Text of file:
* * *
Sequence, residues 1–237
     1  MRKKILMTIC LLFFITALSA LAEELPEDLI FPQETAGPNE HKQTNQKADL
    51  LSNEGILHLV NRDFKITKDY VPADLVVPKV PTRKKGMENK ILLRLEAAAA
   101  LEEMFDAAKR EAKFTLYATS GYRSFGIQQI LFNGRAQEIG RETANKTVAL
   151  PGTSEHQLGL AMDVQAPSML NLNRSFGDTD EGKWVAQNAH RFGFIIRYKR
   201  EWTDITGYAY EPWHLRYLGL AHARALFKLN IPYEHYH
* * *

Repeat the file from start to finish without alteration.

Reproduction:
Sequence, residues 1–237
     1  MRKKILMTIC LLFFITALSA LAEELPEDLI FPQETAGPNE HKQTNQKADL
    51  LSNEGILHLV NRDFKITKDY VPADLVVPKV PTRKKGMENK ILLRLEAAAA
   101  LEEMFDAAKR EAKFTLYATS GYRSFGIQQI LFNGRAQEIG RETANKTVAL
   151  PGTSEHQLGL AMDVQAPSML NLNRSFGDTD EGKWVAQNAH RFGFIIRYKR
   201  EWTDITGYAY EPWHLRYLGL AHARALFKLN IPYEHYH